3. Maintain a Healthy Weight: Excess weight can increase the risk of bowel cancer. Maintaining a healthy weight can lower your chances of developing many types of cancer.

4. Avoid Tobacco and Limit Alcohol: Both using tobacco and drinking a high amount of alcohol can increase your risk of bowel cancer. If you choose to drink alcohol, do so in moderation.

5. Regular Screening: Undergo regular screening tests as these can help prevent bowel cancer by identifying precancerous polyps. Screening can also help in the early detection of cancer, when it’s easier to treat.

6. Genetic Testing: If you have a family history of Bowel cancer, you might consider genetic testing to see if you have a family mutation that increases your risk significantly. If you do, your doctor can suggest preventive measures.

7. Regular Check-Ups: Regular doctor visits, where you can discuss any changes in health or new symptoms, can help in early detection and better prevention.

8. Aspirin: Some researches suggest that a small daily dose of aspirin might lower the risk of bowel cancer. However, this treatment has potential side effects and should only be done under the supervision of a healthcare provider.

Bowel cancer

Remember, while these actions can reduce your risk of bowel cancer, they can’t guarantee prevention. It’s also possible to get Bowel cancer even if you do everything right. Therefore, regular check-ups and screenings are essential. Always consult your healthcare provider for personalised advice.

FAQ’s about Bowel cancer

Sure, here are some frequently asked questions about bowel cancer:

1. What is bowel cancer?
Bowel cancer, also known as colorectal cancer, refers to cancer that starts in the large intestine or rectum. It can take years for cells to develop into cancerous ones, therefore early detection is key to successful treatment.

2. What are the symptoms of bowel cancer?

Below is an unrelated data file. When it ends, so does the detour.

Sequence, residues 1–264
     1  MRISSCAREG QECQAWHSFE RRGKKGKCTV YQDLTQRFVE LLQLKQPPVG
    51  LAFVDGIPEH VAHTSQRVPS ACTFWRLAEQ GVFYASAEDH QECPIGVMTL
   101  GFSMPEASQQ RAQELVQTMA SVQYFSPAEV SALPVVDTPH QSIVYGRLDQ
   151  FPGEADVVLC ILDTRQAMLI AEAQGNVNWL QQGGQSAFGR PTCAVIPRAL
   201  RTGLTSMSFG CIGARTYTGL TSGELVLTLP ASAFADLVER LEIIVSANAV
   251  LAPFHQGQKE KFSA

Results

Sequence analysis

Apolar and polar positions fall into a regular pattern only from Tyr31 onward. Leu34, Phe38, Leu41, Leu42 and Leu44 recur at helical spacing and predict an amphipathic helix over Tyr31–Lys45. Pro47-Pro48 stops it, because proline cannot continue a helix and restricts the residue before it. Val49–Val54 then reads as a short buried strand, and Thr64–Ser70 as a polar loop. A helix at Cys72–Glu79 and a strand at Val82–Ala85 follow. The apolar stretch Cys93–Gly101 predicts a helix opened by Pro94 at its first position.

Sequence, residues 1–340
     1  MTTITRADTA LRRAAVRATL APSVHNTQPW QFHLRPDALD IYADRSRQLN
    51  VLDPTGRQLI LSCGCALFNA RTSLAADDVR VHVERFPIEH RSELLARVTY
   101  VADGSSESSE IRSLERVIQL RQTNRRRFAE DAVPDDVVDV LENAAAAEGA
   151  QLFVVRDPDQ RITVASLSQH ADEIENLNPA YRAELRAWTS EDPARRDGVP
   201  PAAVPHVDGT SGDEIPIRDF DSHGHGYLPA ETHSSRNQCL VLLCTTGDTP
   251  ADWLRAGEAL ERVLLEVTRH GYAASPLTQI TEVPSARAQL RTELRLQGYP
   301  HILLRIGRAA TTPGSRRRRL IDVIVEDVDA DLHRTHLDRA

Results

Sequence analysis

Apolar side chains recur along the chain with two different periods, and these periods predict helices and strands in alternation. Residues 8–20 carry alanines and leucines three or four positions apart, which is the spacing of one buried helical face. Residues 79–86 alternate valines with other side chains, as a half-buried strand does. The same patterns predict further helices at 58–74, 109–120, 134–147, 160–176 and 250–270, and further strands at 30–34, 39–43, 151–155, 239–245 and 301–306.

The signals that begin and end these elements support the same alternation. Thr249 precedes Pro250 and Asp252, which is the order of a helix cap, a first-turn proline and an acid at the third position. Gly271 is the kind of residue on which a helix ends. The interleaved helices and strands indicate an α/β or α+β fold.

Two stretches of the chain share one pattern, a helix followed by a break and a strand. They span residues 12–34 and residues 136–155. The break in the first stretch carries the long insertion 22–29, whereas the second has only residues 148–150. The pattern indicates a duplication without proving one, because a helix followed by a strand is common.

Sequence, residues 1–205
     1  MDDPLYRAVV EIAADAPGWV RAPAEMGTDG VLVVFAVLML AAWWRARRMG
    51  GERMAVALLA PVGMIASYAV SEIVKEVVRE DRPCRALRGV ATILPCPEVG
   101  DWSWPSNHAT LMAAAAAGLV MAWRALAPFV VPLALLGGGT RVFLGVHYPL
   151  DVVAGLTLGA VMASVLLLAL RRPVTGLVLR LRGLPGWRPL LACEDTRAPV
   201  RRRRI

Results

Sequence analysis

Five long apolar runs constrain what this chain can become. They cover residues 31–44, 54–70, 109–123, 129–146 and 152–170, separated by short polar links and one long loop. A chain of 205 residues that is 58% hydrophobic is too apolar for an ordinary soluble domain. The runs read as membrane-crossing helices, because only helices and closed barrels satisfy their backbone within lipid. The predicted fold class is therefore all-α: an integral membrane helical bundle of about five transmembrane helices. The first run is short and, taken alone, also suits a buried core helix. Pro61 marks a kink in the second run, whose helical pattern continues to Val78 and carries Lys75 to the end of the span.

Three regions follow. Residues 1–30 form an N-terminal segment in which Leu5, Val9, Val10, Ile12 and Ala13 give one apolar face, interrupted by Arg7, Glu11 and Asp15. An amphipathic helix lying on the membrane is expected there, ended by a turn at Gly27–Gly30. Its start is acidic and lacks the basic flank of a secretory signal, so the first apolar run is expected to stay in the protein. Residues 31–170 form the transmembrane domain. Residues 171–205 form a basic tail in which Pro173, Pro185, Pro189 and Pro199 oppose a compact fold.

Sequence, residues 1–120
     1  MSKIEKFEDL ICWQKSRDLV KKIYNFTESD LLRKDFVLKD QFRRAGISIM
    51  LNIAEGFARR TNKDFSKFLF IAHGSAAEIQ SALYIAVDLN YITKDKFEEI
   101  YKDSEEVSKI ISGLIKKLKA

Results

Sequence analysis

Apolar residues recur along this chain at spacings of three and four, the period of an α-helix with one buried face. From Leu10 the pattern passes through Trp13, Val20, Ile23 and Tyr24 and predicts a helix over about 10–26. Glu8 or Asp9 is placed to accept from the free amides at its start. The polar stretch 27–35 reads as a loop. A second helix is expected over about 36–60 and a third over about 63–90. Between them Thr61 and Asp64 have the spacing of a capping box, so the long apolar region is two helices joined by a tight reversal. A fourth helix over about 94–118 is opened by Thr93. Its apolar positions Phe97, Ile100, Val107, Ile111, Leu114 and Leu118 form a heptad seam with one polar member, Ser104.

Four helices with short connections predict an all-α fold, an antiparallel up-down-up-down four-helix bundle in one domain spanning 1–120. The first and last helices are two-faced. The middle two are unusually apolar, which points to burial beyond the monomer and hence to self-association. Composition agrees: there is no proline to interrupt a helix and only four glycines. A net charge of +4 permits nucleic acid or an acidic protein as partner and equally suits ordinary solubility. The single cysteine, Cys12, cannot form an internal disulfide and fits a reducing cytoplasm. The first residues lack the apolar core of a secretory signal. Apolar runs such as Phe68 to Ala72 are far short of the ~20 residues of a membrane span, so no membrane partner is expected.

Common symptoms include blood in the stool, unexplained weight loss, a change in bowel habits (like diarrhea or constipation) lasting longer than 3 weeks, and a persistent pain or discomfort in your abdomen.

3. What causes bowel cancer?
The exact cause is not known, but certain factors can increase your risk, such as age (it’s more common in people over 60), a family history of the disease, a diet high in red or processed meats and low in fiber, smoking and alcohol use, lack of physical activity, and existing conditions like Crohn’s disease or ulcerative colitis.

4. How is bowel cancer diagnosed?
Usually, a doctor would begin by conducting a physical exam, discussing your symptoms, and reviewing your medical/family history. They may suggest a colonoscopy where a camera is used to look for abnormalities in the colon and rectum, and a biopsy may be taken for further investigation. Other tests include blood tests, CT scans or MRI scans.

5. Can bowel cancer be prevented?
While you can’t completely prevent bowel cancer, leading a healthy lifestyle can lower your risk. This includes regular exercise, maintaining a healthy weight, quitting smoking, limiting alcohol, and eating a diet high in fruits, vegetables and whole grains.

6. How is bowel cancer treated?
Treatment for bowel cancer can vary depending on its stage and location, and generally includes surgery, chemotherapy, radiation therapy, and targeted therapies.

7. What is the prognosis for someone with bowel cancer?
If detected early, the prognosis is often very good. However, if the cancer has spread to other parts of the body, it’s generally harder to treat and the prognosis is less favorable. The survival rate tends to decrease as the stage of the disease advances.